With the Me Too movement in full swing, more and more victims of sexual abuse are finding their voices and gaining the courage to speak out against assailants. The group that is perhaps the least empowered by the new campaign is the elderly. While sexual assault runs rampant throughout nursing homes and long-term care facilities, many times, the abuse goes unreported.
Sexual Abuse: A Frequent Evil in Nursing Homes
A February 2017 CNN report detailed just how serious the problem is. Since 2000, over 16,000 complaints of sexual abuse in nursing homes and assisted living facilities have been reported. While that number appears high, officials warn that the true figure of actual assaults is likely much higher. The reported 16,000 only accounts for cases that have been looked into and resolved by state long-term care ombudsmen; it does not account for other allegations.
According to CNN’s investigation, 226 nursing homes failed to protect residents and investigate substantiated sexual assault claims between 2010 and 2015. Of those facilities, 60 percent were fined, yet only 16 homes ceased to receive Medicare and Medicaid funding as a result.
Whether in an act of unintentional or willful negligence, over 1,000 nursing homes were given citations by the U.S. government between 2013 and 2016 for improperly handling or not preventing crimes of rape, sexual assault and sexual abuse against the facility’s residents.
Why Does Sexual Abuse in Nursing Homes Go Unreported?
Unfortunately, some victims are deemed unreliable witnesses, as they suffer from dementia, Alzheimer’s or other diseases that can confuse their thinking. Others cannot speak, or they have medical conditions that prevent them from ever reporting the abuse. Sadly, when residents with such conditions are assaulted or raped, their allegations are not always taken seriously and may be seen as unfounded.
Other facilities have been accused of impeding investigations or covering up alleged abuse. In order to avoid fines or a slash in Medicare and Medicaid funding, it is not unheard of for a facility to avoid reporting the incident.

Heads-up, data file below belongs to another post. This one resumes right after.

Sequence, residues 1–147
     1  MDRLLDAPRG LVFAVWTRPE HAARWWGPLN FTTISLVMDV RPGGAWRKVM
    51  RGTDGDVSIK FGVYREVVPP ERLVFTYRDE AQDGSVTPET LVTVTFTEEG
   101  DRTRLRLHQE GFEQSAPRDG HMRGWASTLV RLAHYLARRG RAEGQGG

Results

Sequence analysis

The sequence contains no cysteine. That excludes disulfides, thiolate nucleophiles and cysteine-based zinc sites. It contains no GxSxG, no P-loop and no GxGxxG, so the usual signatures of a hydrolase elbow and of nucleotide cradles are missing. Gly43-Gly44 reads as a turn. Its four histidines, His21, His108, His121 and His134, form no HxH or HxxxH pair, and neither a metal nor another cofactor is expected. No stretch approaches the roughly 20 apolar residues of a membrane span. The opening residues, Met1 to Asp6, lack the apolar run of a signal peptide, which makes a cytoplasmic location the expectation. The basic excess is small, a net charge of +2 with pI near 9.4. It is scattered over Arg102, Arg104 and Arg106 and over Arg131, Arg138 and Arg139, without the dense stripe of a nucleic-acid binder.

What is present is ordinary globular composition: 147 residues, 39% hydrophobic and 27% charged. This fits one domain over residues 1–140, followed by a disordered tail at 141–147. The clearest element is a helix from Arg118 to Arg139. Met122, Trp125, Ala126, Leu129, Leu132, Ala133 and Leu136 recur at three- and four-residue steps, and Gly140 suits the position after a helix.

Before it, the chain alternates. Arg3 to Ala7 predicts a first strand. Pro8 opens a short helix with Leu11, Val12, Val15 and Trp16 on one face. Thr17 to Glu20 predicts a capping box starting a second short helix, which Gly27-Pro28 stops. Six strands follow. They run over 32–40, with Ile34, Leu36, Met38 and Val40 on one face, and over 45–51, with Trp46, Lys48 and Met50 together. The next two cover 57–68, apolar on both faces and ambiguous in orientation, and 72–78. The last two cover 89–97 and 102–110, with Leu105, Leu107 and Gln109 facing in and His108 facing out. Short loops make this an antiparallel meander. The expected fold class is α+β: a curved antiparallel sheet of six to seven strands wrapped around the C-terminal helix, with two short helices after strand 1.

On the flip side, some administrators and long-term care facilities are dedicated to protecting their residents, but that becomes a challenging task when the resident is unable to recall who the perpetrator was or additional details of the assault.
What Are Signs of Sexual Abuse?
If you suspect foul play involving your loved has occurred at his or her facility, there are several signs you can look for that are frequent indicators of assault.
- Rips or tears on the skin
- Newly developed bruising
- Changes in mood or behavior
- Newly developed anxiety
- Difficulty sitting or walking
- Bloody, torn or stained undergarments
- Withdrawal from social situations
- Sexually transmitted diseases
While this is not an exhaustive list, signs or changes in any of the above-listed ways should be looked into and taken seriously, especially if the victim has voiced a complaint but cannot recall all of the details due to a health condition.
What To Do if You Suspect Sexual Abuse
Sexual abuse should be reported to authorities or Adult Protective Services, so the allegation may be investigated and protective measures may be taken for your loved one.
Additional services such as medication and counseling may be available for those who have been affected by sexual assault, and as a result, are struggling with further complications, such as behavioral changes, anxiety and post-traumatic stress disorder.
Sexual assault is never something to be taken lightly. Unfortunately, the elderly in society are some of the most vulnerable to it.
If you or someone you know has endured sexual abuse in a nursing home or long-term care facility or has experienced negligence through the inappropriate handling of a sexual assault claim, please call us at (901) 322-4232 for a free consultation. We have years of experience in handling delicate cases of nursing home abuse, and we would be glad to have the opportunity to help you during a difficult time.